- Speaker presentation
- Open Access
New ARV drugs
- Roy Gulick1
© Gulick; licensee BioMed Central Ltd. 2014
- Published: 23 May 2014
- Nucleoside Analogue
- Nucleoside Reverse Transcriptase Inhibitor
- Integrase Inhibitor
- Nucleoside Analogue Reverse Transcriptase Inhibitor
- Healthy Survival
There are 28 approved antiretroviral drugs for the treatment of HIV infection; combinations of these drugs clearly change the natural history of HIV, dramatically decreasing HIV-related morbidity and mortality and promoting and prolonging healthy survival. Despite the benefits of HIV treatment, some antiretroviral regimens may be inconvenient, toxic, and/or have suboptimal antiretroviral activity, particularly against drug-resistant viral strains. Thus, newer compounds are needed that continue to improve convenience and tolerability, reduce toxicity, and improve antiretroviral activity, particularly against drug-resistant viruses. Additionally, newer drugs may better penetrate tissue reservoirs (e.g. genital tract, central nervous system) and/or exploit new viral or cellular targets with new mechanisms of action. In addition to the direct antiretroviral action, some investigational agents may target inflammation and/or immune responses. Finally, newer formulations of antiretroviral agents may allow additional options for one-pill, once-daily dosing or allow less frequent dosing than once-daily, perhaps as infrequently as once-monthly or once-quarterly parenteral dosing.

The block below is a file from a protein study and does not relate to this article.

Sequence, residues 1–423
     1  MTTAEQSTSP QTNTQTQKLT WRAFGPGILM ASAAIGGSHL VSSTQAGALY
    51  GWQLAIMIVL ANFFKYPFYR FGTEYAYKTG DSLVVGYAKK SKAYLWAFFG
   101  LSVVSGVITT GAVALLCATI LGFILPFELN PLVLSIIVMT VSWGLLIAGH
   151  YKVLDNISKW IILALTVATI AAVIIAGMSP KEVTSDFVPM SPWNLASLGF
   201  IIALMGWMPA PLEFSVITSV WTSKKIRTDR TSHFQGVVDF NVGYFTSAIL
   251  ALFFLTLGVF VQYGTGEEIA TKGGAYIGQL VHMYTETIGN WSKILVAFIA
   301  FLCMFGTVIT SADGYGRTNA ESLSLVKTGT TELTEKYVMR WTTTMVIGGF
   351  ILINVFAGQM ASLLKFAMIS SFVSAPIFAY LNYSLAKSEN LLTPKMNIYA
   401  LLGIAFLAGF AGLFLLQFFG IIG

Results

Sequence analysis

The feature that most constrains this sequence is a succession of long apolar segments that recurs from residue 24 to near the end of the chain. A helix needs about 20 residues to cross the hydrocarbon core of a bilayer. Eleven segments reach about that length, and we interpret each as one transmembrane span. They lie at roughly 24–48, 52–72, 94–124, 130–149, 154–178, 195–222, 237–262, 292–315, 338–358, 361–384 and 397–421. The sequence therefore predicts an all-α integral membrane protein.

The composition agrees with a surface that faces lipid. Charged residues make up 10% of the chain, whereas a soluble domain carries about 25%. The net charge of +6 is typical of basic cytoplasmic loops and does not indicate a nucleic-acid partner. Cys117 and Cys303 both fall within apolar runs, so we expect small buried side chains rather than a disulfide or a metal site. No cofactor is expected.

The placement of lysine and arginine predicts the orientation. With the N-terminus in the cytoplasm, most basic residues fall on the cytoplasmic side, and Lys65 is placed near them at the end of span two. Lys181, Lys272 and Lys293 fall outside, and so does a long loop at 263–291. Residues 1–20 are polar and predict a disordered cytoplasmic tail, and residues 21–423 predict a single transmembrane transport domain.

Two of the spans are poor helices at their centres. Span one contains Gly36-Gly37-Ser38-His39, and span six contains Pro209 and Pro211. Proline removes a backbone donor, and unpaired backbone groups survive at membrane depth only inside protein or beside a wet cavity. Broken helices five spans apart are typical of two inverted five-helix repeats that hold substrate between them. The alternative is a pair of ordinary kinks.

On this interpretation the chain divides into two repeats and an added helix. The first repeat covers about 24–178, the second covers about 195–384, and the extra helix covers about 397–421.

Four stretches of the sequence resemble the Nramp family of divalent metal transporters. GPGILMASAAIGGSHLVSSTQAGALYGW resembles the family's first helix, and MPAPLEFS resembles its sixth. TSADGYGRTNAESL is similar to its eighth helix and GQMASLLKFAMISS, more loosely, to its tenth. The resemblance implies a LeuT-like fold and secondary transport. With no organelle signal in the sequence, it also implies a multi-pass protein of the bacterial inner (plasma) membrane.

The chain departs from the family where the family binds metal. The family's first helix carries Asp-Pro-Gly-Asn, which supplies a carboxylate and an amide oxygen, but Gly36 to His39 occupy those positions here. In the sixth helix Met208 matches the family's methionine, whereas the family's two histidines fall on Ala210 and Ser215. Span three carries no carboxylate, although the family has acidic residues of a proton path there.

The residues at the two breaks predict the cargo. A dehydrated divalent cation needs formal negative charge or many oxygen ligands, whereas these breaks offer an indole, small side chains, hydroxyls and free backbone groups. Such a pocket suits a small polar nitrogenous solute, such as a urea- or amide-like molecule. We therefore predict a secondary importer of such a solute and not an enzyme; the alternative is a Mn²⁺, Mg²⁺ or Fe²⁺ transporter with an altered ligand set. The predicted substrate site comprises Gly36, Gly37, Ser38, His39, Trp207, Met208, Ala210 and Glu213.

There are a number of investigational antiretroviral agents currently in development. These include newer antiretroviral agents in existing classes, including new nucleoside reverse transcriptase inhibitors, non-nucleoside reverse transcriptase inhibitors, integrase inhibitors, and entry inhibitors. Of those in the pipeline, a few compounds are in advanced stages of development: Tenofovir alafenamide fumarate (TAF) is a nucleoside analogue reverse transcriptase inhibitor currently in phase 3 that is potent and potentially less toxic than the current TDF formulation. Doravirine (formerly MK-1439) is a non-nucleoside analogue reverse transcriptase inhibitor currently in phase 2 that demonstrates activity against NNRTI-resistant viral strains. GSK ‘744 is an integrase inhibitor currently in phase 2, being developed in a long-acting preparation. In addition there are investigational drugs with new mechanisms of action in development: BMS-663,068, is a small molecule CD4 attachment inhibitor that completed phase 1 testing. Cenicriviroc is a novel CCR5/CCR2 antagonist currently in phase 3 that offers both antiretroviral activity and the potential for an anti-inflammatory effect (through CCR2 antagonism). A number of other compounds are in earlier stages of pre-clinical and clinical development.
The clinical use of these newer agents and formulations will depend on the results of clinical trials, and the timeline for development and availability. Continued progress in HIV drug development will allow improvements in the clinical care of patients living with HIV infection.
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